6. Find the standard equation of the circle passing through (2,1) and tangent to the line 3x−2y= 6 at the point (4,3). Sketch. (Hint: The line through the center of the circle and the point of tangency is perpendicular to the tangent line.)

1.3 Functions

A function y = f(x) is a rule for determining y when we’re given a value of x. For example, the rule y = f(x) = 2x + 1 is a function. Any line y = mx+ b is called a

linearfunction. The graph of a function looks like a curve above (or below) the x-axis, where for any value of x the rule y = f(x) tells us how far to go above (or below) the

x-axis to reach the curve.

Functions can be defined in various ways: by an algebraic formula or several algebraic formulas, by a graph, or by an experimentally determined table of values. (In the latter case, the table gives a bunch of points in the plane, which we might then interpolate with a smooth curve, if that makes sense.)

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1.3 Functions 21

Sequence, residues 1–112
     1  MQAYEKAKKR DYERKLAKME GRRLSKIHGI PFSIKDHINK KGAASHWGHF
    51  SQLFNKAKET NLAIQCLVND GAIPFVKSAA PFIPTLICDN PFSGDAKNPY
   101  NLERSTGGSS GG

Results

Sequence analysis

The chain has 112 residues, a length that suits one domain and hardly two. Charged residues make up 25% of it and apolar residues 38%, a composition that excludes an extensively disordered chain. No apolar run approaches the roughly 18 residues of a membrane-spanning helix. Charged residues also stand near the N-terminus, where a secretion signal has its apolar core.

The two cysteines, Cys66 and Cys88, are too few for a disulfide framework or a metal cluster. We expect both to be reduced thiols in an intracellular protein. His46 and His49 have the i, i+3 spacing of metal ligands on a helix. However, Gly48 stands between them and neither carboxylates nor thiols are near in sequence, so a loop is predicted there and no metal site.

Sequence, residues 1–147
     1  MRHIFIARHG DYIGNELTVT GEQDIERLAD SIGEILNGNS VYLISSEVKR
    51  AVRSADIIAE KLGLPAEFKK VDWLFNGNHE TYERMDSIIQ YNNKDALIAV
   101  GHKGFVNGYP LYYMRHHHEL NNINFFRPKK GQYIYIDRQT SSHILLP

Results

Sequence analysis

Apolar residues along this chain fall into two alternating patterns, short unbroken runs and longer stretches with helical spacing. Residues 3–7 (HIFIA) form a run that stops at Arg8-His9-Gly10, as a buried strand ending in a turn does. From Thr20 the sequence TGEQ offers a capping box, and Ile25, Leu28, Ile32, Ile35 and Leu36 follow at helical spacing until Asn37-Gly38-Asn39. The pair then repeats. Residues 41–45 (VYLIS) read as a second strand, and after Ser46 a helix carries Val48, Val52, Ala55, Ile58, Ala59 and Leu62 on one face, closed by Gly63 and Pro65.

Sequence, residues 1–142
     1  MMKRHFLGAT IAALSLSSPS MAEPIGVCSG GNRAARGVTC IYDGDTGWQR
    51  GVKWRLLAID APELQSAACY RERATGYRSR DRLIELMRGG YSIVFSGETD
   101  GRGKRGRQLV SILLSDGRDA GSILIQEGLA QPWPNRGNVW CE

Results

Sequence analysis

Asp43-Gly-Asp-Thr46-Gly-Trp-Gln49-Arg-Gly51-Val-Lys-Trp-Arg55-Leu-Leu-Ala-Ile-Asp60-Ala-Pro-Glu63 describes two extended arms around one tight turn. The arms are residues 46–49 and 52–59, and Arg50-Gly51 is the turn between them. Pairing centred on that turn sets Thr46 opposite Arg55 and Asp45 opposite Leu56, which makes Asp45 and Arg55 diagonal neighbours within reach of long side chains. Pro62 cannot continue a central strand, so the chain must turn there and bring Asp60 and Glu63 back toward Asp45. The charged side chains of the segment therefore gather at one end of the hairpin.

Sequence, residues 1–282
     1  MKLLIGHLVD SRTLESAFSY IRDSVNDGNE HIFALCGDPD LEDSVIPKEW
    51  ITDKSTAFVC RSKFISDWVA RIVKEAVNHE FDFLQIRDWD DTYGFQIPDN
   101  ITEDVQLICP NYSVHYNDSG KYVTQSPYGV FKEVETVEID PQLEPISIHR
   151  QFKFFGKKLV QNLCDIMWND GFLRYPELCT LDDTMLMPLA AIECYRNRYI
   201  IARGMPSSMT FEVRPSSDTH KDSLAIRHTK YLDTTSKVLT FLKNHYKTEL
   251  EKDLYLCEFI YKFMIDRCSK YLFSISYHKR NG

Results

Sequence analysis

is also true that ifx is any number not 1 there is no y which corresponds tox, but that is not a problem—only multiple y values is a problem.

In addition to lines, another familiar example of a function is the parabolay =f(x) =

x2. We can draw the graph of this function by taking various values of x (say, at regular intervals) and plotting the points (x, f(x)) = (x, x2). Then connect the points with a smooth curve. (See figure 1.3.1.)

The two examples y = f(x) = 2x+ 1 and y = f(x) = x2 are both functions which can be evaluated at any value of x from negative infinity to positive infinity. For many functions, however, it only makes sense to take x in some interval or outside of some “forbidden” region. The interval ofx-values at which we’re allowed to evaluate the function is called thedomain of the function.

...... ......

...... ......

......

......... ...

... ...

... ...

... ...

....

y=f(x) =x2

... ...

... ...

...

y =f(x) =√x

...... ......

...... ......

...... ...

...... ......

...... ......

...... ...

y=f(x) = 1/x

Figure 1.3.1 Some graphs.